A great visualisation relies on interesting, topical and informative data, so here are a few sources I work with. visualizing.org is an excellent data viz community site that compiles and releases open data sets relevant to today’s pressing issues.
The Guardian Data Blog is an excellent resource for topical datasets, and their interactive visualisations are a good place for inspiration while you're there.
Ipsos MORI is one of the leading political, social and business research companies in the UK and Ireland, and they have a large amount of publically available data in their research archive.
The United Nations' Development Programme, is an organization advocating for change and connecting countries to knowledge, experience and resources to help people build a better life. The UNDP's data sets are publically available and extensive
Tributary is an experimental environment, specifically for rapidly prototyping visualization code.
The tutorials on this site need you to know a bit about HTML and CSS, as well as some JS. If you're starting from scratch in any or all of these languages there are thousands of options available to you but I recommend Code Academy highest of all because its interactive and enjoyable.
If you want to read rather than do exercises then Shay Howe's Learn HTML and CSS is a great place to start and when you're done you can follow it on to the next level with the elegant Learn CSS Layout tutorial.
SVG stands for scaleable vector graphics. It is an image type for the web that can be rescaled to any size and maintain its quality and because it is an XML markup element in itself its file size is minimal in comparison to bitmap imagery. SVG is used widely throughout data visualisation online due to its ability to be animated and manipulated to become interactive.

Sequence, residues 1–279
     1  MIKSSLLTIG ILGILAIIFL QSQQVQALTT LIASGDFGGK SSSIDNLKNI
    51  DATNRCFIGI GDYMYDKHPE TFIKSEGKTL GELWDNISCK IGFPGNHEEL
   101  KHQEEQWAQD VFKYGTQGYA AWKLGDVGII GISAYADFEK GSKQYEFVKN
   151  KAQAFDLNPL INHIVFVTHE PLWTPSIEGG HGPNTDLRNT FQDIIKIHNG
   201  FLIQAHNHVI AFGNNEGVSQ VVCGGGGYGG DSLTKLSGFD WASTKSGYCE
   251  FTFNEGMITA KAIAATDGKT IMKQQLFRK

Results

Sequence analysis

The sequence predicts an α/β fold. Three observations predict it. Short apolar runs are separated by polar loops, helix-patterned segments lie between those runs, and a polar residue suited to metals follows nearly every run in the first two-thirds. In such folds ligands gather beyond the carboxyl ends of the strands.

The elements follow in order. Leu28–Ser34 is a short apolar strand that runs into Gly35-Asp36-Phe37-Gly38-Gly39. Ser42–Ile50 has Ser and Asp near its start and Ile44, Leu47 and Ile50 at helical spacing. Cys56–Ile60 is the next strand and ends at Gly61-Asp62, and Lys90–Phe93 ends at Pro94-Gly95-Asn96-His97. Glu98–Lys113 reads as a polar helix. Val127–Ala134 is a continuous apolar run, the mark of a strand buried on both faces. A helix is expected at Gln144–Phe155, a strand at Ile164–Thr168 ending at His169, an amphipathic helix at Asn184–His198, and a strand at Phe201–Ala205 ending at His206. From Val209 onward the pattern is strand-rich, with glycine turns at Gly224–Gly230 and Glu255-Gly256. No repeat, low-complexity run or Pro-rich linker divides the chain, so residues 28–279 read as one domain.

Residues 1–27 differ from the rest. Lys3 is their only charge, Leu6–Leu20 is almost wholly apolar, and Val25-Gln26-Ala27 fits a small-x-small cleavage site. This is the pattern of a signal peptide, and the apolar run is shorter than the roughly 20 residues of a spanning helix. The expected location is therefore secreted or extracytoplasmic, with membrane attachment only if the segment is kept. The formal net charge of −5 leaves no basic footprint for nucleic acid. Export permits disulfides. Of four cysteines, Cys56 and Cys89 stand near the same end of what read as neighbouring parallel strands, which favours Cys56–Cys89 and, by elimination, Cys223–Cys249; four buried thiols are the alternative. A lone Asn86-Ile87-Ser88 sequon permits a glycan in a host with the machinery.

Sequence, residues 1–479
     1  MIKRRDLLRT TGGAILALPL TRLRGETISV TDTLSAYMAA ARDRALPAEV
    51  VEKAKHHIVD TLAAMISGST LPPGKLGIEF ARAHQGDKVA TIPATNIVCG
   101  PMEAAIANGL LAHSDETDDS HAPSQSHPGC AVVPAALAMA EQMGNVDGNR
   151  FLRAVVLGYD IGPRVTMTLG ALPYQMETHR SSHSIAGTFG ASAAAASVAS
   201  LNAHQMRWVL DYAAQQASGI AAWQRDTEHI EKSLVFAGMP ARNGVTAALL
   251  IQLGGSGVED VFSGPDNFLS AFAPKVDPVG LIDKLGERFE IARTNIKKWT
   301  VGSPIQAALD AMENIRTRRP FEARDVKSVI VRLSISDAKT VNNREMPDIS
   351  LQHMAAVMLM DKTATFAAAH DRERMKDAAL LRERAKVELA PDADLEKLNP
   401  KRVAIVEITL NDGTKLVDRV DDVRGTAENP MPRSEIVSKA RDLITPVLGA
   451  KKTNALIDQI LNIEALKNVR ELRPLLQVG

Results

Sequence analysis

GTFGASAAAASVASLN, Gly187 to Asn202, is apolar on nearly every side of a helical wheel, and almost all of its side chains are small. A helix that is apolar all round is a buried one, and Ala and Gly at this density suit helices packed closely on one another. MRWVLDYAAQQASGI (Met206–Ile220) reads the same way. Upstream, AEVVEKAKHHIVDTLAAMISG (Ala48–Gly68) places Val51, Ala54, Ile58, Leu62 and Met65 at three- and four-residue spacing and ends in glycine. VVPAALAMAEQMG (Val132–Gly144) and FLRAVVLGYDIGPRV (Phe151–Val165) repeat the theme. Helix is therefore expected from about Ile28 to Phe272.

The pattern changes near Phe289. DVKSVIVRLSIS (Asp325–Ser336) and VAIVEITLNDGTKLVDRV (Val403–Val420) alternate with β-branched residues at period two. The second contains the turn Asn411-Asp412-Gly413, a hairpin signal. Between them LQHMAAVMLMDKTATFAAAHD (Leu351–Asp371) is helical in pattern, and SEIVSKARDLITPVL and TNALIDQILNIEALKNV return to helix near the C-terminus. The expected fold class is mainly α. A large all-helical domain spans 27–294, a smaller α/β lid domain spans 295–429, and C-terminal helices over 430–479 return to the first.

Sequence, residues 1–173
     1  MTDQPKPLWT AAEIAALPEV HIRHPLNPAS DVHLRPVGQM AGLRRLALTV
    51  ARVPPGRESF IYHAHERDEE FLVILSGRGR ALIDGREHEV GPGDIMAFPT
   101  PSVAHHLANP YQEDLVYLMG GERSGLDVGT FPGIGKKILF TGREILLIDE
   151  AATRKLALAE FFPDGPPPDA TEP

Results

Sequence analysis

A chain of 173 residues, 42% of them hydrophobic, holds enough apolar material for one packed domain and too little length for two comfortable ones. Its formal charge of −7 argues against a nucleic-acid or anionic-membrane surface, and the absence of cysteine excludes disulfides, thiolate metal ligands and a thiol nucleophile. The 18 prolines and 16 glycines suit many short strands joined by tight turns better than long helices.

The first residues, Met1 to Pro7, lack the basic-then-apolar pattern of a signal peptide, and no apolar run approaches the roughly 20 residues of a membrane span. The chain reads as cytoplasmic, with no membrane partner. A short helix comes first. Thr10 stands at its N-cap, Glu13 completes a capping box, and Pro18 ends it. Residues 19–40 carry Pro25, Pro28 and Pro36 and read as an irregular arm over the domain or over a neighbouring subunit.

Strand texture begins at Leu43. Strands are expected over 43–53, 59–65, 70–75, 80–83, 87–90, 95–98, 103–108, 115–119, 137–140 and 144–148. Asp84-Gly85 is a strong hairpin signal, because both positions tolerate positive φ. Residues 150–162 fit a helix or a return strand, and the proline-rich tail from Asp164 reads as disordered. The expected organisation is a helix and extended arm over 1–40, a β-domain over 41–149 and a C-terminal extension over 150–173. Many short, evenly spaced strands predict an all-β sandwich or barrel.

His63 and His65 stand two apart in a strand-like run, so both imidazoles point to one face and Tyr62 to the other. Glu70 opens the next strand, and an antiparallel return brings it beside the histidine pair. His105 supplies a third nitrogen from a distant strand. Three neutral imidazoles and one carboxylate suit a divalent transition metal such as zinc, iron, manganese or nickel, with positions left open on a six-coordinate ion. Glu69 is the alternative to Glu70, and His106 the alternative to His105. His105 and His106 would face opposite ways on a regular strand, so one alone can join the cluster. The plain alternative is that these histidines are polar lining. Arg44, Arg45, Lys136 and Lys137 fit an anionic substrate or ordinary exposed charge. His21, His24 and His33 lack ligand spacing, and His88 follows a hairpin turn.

Enjalot, the creator of Tributary, has a number of d3 tutorial videos online at dot enter covering d3 colour scales, basic d3 circles, d3 path, simple d3 transition and d3 stacked bars. He also has the sister site dot append covering d3 drag behaviour, d3 brush, crossfilter and reusable bar charts. I do find some of them hard to follow because of the background music but they are a useful resource..
My favourite data viz blog is The Why Axis, edited by Bryan Connor, which documents the rise of data visualization in the digital age.
Andy Kirk is a UK-based freelance data visualisation consultant, trainer, author, speaker, researcher and editor of visualisingdata.com. It provides readers with a variety of content that charts the development of the data visualisation field.
There are many different online data visualisation tools available but these are the ones I intend to cover on this site.